Sterling has been blasted lower after BoE governor Carney cast doubt on a previously pretty-much-expected UK May rate hike. The EU's rejection of Britain's latest Brexit-Irish border plan only served to deepen the rot.
Article / 16 January 2014 at 7:56 GMT

AUDUSD swoons to new low on jobs report; GBPUSD eyes support

Head of FX Strategy / Saxo Bank

• AUDUSD and AUDNZD hammered to new lows
• MXN, TRY and ZAR all struggle against USD
• Beige Book reinforces taper expectations

By John J Hardy

Weak Australian jobs report
Australia saw a very weak jobs report for December overnight, with payrolls shrinking 22,600 outright and full time jobs shrinking 31,600, the worst reading in over two years (though this is a jumpy data series by all accounts). Much like the US, the falling participation rate Down Under meant that the unemployment rate stayed the same at 5.8 percent, though it would long ago have crossed to the higher level than in 2009 had the participation rate not dropped by 0.7 percent since then, with much of that drop coming in recent months suggesting that the market may be even weaker than it looks from the other data due to a sudden rise in discouraged workers. The weak data pushed AUDUSD and AUDNZD to new lows for the cycle. The latter is now below 1.0600 and closing in on multi-decade lows (the 2005 and record low was around 1.0430) and the below 1.0600 and momentum suggests that it might stretch to the lowest level ever, especially as long as risk appetite is on the bid, as this market loves its kiwi. Still, I am expecting the pair to bottom some time in this quarter and possibly rise as much as ten percent for the balance of the year.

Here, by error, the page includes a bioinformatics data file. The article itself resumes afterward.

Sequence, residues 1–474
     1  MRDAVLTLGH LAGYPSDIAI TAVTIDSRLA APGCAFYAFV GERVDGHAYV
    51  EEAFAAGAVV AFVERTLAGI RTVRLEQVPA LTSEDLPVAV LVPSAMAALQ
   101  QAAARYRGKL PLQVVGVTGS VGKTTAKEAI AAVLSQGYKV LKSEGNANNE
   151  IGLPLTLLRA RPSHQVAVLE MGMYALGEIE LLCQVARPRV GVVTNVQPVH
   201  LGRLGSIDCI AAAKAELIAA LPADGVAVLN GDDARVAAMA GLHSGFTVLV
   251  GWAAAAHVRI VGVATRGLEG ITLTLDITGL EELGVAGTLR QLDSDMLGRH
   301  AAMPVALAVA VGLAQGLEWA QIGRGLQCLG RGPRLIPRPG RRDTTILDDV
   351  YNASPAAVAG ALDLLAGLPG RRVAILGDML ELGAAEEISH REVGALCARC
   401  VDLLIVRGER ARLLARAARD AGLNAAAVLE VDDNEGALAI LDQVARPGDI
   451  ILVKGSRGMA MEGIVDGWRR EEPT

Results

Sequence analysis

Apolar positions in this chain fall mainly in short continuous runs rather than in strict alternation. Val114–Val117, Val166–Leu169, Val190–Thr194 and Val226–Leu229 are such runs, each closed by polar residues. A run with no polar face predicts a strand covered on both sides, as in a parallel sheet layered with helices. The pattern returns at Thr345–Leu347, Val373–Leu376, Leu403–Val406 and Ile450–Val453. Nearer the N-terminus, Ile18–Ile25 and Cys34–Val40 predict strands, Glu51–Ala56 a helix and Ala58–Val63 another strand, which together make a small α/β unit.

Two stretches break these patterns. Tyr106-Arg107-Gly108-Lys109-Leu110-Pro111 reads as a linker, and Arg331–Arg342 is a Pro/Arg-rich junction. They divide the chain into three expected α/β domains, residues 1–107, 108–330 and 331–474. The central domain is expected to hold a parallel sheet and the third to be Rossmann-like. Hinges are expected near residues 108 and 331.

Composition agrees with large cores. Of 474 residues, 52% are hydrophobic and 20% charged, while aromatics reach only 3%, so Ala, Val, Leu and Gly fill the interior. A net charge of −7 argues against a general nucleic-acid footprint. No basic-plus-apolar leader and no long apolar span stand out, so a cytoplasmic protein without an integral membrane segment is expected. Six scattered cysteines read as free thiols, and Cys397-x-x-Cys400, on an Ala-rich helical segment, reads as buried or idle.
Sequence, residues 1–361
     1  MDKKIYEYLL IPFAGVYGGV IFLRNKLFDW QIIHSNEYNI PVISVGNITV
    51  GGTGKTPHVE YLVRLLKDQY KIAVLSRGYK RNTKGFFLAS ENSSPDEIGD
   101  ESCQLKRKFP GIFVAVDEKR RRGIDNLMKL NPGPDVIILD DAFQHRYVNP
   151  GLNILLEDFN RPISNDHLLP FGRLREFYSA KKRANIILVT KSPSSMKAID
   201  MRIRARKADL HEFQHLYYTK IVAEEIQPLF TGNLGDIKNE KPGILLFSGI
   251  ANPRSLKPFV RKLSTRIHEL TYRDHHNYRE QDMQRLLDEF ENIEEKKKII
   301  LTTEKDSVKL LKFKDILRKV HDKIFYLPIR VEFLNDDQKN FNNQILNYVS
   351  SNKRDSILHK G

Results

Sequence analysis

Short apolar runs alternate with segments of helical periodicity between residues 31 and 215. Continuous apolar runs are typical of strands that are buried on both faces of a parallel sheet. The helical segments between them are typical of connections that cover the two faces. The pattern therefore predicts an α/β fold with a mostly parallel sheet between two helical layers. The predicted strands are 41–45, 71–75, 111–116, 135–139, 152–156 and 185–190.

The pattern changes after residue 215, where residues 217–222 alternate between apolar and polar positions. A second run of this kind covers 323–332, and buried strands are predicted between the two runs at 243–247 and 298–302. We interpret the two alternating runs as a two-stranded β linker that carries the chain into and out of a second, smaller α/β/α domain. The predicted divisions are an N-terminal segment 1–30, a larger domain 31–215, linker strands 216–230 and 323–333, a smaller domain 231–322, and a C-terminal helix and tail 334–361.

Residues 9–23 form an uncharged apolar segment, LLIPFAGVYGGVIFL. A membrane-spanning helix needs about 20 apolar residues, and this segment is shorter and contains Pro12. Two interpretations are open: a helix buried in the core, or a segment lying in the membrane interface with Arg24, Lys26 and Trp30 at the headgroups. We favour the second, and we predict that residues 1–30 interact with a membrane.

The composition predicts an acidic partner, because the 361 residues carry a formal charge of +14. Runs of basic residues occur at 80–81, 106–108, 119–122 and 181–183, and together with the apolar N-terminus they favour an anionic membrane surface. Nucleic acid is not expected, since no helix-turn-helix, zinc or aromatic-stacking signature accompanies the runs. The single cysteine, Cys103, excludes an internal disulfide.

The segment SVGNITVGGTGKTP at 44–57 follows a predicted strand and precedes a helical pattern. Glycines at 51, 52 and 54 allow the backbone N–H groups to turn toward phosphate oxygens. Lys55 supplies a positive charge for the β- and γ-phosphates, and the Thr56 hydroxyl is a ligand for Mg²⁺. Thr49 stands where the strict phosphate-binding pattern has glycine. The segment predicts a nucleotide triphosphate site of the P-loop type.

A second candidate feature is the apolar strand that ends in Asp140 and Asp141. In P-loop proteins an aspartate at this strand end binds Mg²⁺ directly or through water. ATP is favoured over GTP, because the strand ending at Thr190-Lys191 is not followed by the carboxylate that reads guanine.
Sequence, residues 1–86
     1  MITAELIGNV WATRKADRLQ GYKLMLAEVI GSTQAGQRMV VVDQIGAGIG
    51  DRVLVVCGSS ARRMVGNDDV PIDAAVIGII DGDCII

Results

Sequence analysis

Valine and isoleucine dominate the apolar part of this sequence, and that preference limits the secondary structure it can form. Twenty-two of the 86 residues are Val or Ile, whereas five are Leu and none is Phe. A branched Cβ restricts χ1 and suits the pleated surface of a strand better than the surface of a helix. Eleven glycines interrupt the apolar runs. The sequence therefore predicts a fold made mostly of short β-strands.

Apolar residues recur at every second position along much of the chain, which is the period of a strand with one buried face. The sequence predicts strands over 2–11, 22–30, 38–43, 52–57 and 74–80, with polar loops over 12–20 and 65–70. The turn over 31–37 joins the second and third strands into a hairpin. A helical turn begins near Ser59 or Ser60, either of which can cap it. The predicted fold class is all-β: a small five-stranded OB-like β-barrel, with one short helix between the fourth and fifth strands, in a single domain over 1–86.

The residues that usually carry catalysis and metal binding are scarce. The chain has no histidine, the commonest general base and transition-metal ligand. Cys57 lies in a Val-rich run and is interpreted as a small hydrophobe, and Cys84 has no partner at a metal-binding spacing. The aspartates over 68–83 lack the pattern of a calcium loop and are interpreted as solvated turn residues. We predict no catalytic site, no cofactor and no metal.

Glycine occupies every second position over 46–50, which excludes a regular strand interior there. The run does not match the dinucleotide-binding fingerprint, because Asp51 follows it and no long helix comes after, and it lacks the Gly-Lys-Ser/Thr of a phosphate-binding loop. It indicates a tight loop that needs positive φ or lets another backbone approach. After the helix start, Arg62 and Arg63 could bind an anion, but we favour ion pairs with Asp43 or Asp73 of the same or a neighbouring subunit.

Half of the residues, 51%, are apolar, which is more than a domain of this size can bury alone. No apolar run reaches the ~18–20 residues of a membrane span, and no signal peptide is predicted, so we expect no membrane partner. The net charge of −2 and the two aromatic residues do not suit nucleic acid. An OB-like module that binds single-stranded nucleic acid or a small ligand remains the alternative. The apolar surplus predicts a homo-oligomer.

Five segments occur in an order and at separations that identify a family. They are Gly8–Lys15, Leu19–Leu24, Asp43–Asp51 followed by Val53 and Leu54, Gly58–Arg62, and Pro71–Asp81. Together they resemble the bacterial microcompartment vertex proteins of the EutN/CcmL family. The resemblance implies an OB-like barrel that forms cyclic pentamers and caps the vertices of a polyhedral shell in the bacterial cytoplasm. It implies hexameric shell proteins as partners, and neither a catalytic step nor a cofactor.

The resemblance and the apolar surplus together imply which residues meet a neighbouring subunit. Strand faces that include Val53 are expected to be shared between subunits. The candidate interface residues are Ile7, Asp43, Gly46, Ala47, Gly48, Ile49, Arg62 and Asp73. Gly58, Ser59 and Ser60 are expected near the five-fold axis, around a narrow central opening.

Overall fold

EM currencies struggling